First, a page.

31 May 2007
The Evening Standard
© 2007 Associated Newspapers. All rights reserved
The former head of a religious cult is involved in raising funds for this year's Lord Mayor's appeal.
Prem Rawat, who has acquired vast wealth after years of being worshipped by millions of followers, is listed as a 'key supporter' to the annual appeal, the Evening Standard can reveal.
Tomorrow Mr Rawat will give a speech to dignitaries and adherents at an invitation-only event at Guildhall in exchange for donating £25,000 to this year's fund.
The money will go to a series of good causes including the international charity VSO.
Mr Rawat's involvement has raised eyebrows. Formerly known as the Guru Maharaj Ji, he enjoyed huge support in the Seventies and Eighties as spiritual leader of The Divine Light Mission, a religious cult which set up communes across the world.
Mr Rawat, 49, was known to his disciples as the 'Lord of the Universe' and considered a descendant of God. He was a teenager when he first came to the UK from India in 1971, but fell out with his mother and other cult members when at 16 he married one of his students, a 25-year-old American.
Mr Rawat, who has since gone on to form the Elan Vital educational charity and the Prem Rawat Foundation, is understood to be flying into Britain from his Malibu home for tomorrow's event. Ian Haworth, of the Cult Information Centre, said today: 'This is a group about which we are concerned. We have received complaints over the years and it is one we are familiar with.' Former disgruntled followers of Mr Rawat - 'premies' - accuse the guru of funding his lifestyle with their donations, a claim vigorously denied by Mr Rawat's supporters.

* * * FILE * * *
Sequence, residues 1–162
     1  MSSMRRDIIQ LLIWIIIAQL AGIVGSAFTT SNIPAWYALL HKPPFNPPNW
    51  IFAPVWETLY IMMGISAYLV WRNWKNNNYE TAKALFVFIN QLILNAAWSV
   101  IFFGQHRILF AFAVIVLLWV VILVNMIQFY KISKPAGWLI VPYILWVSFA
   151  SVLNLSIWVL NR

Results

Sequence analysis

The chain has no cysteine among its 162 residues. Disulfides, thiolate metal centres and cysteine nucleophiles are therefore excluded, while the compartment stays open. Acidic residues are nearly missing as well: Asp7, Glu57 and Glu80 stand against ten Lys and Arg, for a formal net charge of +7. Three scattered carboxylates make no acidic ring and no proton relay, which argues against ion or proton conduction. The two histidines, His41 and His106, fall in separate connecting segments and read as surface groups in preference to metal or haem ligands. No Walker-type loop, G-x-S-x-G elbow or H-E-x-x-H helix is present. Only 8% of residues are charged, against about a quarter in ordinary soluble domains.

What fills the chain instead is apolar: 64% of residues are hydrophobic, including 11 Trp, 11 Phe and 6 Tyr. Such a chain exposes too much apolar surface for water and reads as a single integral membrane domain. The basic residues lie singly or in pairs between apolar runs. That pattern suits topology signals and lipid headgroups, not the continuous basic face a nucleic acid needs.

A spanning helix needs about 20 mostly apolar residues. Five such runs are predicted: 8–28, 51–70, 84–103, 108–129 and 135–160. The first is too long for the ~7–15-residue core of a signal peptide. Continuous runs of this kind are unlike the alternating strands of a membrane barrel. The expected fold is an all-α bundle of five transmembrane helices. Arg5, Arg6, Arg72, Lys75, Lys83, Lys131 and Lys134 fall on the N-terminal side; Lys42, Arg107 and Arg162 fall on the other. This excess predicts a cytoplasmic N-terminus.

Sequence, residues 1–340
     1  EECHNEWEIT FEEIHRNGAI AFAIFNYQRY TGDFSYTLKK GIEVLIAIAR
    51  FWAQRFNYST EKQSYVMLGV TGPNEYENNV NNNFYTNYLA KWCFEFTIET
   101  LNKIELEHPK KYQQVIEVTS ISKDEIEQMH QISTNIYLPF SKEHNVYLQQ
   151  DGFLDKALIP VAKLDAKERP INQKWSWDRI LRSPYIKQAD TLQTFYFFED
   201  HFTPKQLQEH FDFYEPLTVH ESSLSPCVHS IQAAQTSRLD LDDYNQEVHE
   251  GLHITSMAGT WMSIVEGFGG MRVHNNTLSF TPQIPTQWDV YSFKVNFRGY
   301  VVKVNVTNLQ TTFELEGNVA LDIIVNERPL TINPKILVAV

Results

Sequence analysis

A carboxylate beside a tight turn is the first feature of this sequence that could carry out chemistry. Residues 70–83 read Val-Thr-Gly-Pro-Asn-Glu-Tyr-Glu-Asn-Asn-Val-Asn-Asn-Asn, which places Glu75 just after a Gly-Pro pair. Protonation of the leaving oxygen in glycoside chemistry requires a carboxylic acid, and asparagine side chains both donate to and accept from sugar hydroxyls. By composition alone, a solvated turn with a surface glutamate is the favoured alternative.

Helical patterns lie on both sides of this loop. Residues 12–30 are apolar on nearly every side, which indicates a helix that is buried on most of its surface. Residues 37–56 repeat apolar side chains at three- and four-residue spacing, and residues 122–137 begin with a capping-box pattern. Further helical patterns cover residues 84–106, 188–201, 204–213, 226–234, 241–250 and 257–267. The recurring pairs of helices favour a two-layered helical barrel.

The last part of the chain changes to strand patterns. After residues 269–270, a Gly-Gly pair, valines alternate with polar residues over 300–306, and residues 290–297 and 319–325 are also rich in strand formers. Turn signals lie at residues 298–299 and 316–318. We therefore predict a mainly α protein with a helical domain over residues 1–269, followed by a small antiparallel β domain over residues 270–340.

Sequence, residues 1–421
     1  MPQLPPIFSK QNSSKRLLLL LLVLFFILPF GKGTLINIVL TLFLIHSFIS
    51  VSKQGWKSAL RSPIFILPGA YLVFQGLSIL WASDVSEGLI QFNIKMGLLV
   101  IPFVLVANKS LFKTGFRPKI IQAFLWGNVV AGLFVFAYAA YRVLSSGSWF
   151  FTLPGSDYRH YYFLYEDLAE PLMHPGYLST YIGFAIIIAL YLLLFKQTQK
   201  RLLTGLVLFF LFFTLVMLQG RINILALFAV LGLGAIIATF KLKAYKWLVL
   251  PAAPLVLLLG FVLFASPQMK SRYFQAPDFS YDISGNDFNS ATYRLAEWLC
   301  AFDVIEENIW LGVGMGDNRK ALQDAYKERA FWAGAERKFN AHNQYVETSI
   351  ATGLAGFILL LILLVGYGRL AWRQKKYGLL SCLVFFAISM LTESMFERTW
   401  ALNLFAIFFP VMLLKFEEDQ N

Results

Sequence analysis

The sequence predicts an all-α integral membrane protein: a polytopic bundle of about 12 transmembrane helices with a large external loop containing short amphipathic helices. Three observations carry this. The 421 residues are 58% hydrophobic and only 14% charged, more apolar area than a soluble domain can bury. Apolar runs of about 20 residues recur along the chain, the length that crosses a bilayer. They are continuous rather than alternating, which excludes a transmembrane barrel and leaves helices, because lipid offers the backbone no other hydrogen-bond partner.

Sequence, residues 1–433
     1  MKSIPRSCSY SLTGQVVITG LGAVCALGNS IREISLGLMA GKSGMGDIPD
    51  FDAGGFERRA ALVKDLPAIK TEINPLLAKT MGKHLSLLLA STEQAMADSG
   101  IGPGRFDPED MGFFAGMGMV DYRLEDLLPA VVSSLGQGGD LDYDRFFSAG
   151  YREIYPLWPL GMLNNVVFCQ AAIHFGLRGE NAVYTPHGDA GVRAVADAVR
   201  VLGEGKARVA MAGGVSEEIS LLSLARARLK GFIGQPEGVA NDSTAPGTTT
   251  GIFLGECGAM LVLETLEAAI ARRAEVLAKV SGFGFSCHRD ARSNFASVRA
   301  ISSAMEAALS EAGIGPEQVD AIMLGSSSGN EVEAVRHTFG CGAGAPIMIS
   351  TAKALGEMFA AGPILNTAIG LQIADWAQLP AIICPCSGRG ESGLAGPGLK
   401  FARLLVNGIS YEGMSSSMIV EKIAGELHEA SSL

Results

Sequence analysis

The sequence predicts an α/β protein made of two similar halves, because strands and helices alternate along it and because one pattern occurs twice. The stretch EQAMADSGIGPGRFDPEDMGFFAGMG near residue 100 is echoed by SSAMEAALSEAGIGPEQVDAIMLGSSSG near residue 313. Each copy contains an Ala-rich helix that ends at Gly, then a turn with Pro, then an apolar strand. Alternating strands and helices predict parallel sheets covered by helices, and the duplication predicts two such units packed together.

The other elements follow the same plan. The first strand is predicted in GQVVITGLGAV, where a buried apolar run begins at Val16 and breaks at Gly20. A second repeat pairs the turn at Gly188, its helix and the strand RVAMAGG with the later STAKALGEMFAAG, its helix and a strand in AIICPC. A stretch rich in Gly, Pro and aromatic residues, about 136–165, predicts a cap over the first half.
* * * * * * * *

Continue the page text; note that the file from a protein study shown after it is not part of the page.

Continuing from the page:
He lives in a Californian mansion, is said to own a number of expensive cars and a multi-million-dollar yacht.
The City of London said Lord Mayor John Stuttard had left the vetting of donations to VSO, the charity which sends volunteers to work in the developing world. A VSO spokeswoman said: 'Prem Rawat Foundation approached us earlier this year because they wanted to support the Lord Mayor's Appeal.
'Due to shared development goals they had pledged a donation of £25,000 towards the appeal which is going to support VSO's work in Mozambique. Obviously when deciding to accept or refuse donations we apply our ethical fund-raising policy. This donation has been subject to that policy.'
She added: 'It is very rare we would refuse money.'
According to its website, the Prem Rawat Foundation is 'dedicated to advancing the lectures, speeches, writings, art, music, humanitarian efforts, and public forums of Prem Rawat'. The Foundation lists initiatives in developing countries.
A spokesman for Elan Vital, a charity to support his teachings and works, said any suggestion he had profited from members' donations was 'ludicrous'. The spokesman added: 'There is no question of it [the Guildhall event] being used in any way to raise money or recruit. This is about raising money for the Lord Mayor's appeal. It is ludicrous to think there will be anything else going on.'